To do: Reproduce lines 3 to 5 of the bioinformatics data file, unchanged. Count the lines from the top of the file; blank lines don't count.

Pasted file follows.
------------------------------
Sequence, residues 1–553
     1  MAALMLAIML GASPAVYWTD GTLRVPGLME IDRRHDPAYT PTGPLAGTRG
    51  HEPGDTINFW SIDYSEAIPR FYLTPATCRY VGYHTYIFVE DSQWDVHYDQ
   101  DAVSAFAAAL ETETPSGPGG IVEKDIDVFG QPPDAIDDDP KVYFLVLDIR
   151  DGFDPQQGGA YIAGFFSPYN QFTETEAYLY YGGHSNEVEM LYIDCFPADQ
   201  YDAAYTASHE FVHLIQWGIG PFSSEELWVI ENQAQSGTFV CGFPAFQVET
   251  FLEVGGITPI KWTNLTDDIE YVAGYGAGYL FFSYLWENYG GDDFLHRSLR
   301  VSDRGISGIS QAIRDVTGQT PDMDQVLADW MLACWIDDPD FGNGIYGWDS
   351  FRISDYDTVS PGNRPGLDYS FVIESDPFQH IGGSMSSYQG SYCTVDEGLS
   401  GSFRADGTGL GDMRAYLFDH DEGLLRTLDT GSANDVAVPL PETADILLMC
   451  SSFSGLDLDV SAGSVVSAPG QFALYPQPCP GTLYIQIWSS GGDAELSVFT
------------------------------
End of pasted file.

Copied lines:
    51  HEPGDTINFW SIDYSEAIPR FYLTPATCRY VGYHTYIFVE DSQWDVHYDQ
   101  DAVSAFAAAL ETETPSGPGG IVEKDIDVFG QPPDAIDDDP KVYFLVLDIR
   151  DGFDPQQGGA YIAGFFSPYN QFTETEAYLY YGGHSNEVEM LYIDCFPADQ